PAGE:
This Miami Painter’s Work Encourages Living In The Moment


artist natalia juncadella walks towards her oil paintings in her home studio

In her Coral Gables home studio, oil painter Natalia Juncadella creates works that reference familial memories in shadowed settings.

Natalia Juncadella recalls watching her mother set a checkered tablecloth and offer coffee and fruit to visiting family. Bowls of produce, especially oranges, and blue-patterned plates were practically part of the decor in her childhood home. “When I paint that scene, it feels familial and creates a sense of peace,” she says. “It ties me back to tradition.”

These humble tablescapes are among the subjects of the Miami artist’s oil paintings, which reveal quiet moments of her life growing up: aerial views of orange wedges or sliced strawberries topping ceramic dishes; speckled bananas resting on sunny terra-cotta tile flooring; accents of greenery. That her works appear almost digitally manufactured is no mistake—Juncadella relies on her background in graphic design to bring a modern approach to the ancient medium—and always present is a layer of shadows, casting each setting in dappled light. “I’m drawn to their organic shapes and unique patterns,” she explains. “Beautiful shadows are always around us, and they’ve given me a reminder to be in the present moment. My goal is to elevate the mundane and remind you it is something we should be grateful for.”

oil painting by Natalia Juncadella of oranges on a blue plate in shadows

The artist brings a contemporary eye to her work, harnessed through her graphic design background.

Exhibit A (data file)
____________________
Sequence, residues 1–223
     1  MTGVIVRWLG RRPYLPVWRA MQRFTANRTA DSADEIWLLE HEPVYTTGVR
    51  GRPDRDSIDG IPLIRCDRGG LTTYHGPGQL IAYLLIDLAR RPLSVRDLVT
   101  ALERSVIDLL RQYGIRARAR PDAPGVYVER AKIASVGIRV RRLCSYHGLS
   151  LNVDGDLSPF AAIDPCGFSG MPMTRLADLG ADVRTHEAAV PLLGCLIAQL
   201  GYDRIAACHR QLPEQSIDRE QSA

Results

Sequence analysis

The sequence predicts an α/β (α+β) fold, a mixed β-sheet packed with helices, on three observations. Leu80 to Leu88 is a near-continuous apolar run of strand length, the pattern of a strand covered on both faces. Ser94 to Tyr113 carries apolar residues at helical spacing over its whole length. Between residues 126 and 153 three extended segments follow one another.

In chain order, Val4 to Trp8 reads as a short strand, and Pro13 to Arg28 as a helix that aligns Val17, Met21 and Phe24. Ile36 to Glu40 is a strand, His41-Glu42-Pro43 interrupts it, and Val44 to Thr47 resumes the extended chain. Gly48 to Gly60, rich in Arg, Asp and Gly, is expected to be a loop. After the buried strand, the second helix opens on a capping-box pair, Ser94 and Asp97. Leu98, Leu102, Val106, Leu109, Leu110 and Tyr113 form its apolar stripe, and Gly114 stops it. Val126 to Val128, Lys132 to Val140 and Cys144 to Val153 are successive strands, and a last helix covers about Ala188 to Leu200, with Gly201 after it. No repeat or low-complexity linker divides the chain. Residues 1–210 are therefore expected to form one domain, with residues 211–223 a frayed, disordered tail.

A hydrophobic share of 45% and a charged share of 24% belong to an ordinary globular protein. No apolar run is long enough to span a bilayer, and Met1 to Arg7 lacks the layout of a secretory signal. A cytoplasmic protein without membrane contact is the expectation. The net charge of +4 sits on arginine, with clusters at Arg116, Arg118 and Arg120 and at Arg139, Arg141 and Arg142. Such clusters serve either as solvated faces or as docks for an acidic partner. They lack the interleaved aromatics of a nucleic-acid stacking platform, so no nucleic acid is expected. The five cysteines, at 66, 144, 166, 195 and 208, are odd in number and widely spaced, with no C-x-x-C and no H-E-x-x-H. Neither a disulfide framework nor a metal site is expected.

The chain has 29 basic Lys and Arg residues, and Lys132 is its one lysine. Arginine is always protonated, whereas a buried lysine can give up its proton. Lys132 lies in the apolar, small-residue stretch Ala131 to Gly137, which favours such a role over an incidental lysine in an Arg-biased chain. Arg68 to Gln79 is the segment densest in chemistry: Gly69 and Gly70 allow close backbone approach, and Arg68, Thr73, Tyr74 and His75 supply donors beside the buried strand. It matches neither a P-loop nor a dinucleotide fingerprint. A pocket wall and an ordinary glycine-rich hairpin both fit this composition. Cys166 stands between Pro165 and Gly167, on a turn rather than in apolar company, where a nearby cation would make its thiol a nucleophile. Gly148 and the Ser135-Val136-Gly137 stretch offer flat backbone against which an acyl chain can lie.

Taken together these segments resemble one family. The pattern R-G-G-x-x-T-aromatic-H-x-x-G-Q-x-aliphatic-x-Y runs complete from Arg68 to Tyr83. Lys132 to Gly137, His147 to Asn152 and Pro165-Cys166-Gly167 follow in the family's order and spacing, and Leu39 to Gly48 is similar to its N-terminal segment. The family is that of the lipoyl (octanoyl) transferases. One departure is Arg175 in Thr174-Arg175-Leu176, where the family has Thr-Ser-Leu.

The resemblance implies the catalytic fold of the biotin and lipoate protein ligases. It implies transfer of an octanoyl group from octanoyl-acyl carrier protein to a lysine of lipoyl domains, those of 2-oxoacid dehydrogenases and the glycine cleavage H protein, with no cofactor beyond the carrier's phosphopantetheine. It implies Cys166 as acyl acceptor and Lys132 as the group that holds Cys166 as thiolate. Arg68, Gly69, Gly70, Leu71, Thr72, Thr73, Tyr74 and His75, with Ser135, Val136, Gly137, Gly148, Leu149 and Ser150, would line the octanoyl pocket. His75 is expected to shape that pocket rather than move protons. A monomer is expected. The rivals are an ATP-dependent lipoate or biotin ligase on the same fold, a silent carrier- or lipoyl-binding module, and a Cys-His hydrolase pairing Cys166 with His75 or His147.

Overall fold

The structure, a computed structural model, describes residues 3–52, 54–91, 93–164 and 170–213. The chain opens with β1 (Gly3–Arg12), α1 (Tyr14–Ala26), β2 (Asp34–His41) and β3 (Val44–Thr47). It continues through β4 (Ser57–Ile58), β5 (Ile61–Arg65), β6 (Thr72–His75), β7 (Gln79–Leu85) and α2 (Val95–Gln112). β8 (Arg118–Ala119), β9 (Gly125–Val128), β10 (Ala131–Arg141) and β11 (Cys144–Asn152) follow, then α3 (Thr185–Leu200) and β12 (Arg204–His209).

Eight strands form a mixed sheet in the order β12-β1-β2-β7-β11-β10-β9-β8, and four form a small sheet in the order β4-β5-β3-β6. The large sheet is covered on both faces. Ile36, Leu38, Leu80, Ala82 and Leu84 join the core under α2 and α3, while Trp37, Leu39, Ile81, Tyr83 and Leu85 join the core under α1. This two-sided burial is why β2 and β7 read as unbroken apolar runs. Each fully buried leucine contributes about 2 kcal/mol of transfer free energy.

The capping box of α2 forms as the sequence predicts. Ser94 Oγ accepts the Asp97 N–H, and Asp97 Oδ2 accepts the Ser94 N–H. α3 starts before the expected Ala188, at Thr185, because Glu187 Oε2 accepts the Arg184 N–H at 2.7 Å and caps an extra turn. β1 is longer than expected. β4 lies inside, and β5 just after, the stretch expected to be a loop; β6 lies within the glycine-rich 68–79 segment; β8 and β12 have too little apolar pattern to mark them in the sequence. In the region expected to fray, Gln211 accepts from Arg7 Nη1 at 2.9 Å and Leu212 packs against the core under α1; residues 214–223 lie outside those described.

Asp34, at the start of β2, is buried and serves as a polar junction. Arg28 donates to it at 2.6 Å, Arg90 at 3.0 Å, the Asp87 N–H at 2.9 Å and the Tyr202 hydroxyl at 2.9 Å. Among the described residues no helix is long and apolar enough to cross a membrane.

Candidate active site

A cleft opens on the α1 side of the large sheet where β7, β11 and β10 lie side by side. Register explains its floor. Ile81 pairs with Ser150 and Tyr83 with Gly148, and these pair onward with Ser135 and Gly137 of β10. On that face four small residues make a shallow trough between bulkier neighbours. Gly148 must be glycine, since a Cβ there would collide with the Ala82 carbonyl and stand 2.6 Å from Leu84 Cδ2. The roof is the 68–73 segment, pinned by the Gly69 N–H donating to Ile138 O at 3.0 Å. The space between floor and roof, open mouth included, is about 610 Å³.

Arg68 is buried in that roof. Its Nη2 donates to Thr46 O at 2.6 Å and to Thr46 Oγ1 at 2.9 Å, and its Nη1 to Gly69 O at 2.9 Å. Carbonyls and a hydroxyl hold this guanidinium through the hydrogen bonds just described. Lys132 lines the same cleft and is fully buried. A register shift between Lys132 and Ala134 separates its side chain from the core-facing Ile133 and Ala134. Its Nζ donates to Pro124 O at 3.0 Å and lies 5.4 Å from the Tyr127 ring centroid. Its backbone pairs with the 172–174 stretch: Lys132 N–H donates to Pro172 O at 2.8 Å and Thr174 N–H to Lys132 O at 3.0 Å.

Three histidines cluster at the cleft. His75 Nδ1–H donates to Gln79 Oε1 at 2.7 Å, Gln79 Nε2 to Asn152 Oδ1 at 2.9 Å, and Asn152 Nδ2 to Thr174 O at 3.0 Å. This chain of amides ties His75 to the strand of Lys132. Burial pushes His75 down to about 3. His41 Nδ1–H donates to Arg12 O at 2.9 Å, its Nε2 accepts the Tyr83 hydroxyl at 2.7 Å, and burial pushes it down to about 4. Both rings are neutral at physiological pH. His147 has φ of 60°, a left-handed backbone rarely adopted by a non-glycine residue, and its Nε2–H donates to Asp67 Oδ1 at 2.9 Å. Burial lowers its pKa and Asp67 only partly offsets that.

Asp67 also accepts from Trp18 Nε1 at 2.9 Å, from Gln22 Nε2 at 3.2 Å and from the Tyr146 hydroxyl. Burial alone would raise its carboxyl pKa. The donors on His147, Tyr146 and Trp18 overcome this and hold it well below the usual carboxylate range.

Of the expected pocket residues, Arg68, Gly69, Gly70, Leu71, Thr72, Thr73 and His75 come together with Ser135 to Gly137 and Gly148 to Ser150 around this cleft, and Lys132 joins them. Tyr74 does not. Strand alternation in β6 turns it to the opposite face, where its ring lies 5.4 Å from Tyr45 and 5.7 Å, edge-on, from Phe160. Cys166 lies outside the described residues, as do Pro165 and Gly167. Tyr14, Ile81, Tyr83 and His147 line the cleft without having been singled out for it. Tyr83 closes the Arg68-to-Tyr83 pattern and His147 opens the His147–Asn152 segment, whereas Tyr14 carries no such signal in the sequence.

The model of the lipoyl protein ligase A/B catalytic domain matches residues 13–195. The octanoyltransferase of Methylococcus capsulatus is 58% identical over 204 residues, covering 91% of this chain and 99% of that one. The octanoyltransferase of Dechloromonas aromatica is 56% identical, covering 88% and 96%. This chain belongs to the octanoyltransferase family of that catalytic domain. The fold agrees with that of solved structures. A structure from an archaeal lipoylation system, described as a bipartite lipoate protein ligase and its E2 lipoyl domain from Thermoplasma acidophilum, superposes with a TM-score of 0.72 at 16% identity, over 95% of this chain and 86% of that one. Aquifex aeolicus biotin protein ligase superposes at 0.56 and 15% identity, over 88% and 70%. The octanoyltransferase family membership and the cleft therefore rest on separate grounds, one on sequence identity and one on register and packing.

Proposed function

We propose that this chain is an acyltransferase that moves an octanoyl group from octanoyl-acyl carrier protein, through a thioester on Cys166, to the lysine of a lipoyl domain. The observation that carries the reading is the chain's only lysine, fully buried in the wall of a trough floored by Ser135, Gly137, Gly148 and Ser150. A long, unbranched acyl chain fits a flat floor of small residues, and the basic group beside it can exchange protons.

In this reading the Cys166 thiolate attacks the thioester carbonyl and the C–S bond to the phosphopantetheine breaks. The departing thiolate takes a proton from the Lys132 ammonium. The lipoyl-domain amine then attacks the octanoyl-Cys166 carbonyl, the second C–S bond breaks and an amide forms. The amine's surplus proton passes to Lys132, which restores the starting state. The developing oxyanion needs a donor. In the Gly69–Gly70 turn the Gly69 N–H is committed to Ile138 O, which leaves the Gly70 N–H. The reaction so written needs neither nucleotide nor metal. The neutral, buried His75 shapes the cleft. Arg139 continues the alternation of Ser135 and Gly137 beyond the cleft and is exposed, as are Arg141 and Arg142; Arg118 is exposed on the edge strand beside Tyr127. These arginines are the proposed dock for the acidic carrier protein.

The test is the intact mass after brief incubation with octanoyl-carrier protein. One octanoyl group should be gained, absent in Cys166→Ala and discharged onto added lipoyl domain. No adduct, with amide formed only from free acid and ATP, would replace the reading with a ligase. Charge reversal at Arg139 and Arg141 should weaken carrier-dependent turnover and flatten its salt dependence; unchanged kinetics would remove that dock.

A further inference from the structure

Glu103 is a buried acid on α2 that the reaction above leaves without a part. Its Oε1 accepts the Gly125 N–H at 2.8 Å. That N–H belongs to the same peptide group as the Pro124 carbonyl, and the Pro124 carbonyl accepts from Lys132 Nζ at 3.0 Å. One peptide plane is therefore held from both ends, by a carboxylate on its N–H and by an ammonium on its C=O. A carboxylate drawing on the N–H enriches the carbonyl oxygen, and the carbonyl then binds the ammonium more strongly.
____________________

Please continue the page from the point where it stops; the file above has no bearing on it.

oil painting by Natalia Juncadella of bananas and oranges on terra-cotta flooring under shadows

Always present are shadows, casting dappled light on the scenery.

four oil paintings by Natalia Juncadella hanging on her studio wall

A quartet of still-lifes.

paint swatches on paper

Paint swatches cover a table in her studio.

still-life by oil painter Natalia Juncadella of greenery against white wall in shadowed scene

Each piece reminds Juncadella to live in the present moment.

The ordinary scenarios harken to the artist’s upbringing in Miami, where her mother and father immigrated to from Colombia and Cuba, respectively, in the 1980s. In their West Kendell house, she learned art techniques from her mother, an oil portraitist who was also her school art teacher from fourth through eighth grade. “I’d see her bring a photograph of someone to life—I was in awe of the magic that happened,” Juncadella remembers. “She introduced me to various materials, like charcoal, pastel, watercolor, even clay.” Oil painting and graphic design resonated most with the budding artist, who studied both disciplines at the University of Pennsylvania, began her career in San Francisco and pursued her passion full time in 2021 upon returning to South Florida.

In her Coral Gables home, the artist transformed the dining room into an airy workspace, installing skylights but preserving the existing Mexican tile floor—the same she had in her childhood home—as a way to stay grounded to her past. Over the window are paper mache birds crafted by her mother—who, in another full-circle moment, now serves as her studio assistant for an extensive pre-painting process that calls upon Juncadella’s digital and analog expertise. The artist first uses computer programs to collage photographs she has taken, then renders compositions. After printing the final sketch, she mixes paint colors to mimic the tones, giving each shade its own shadow. Once the palette is established—evidenced by the swatches that decorate the studio walls—Juncadella can begin painting the image on canvas, taking her time as the pigments slowly dry.

As her paintings depend on memories to capture simple family moments, the artist expects to soon have a wealth of inspiration with the arrival of motherhood as she welcomes her first child, a son. “I think it will heighten my experience of being in the present moment and the way I see things around me,” she muses. “And even though I hope he loves art, I plan to give him the same advice my parents gave me: Pursue what brings you joy.”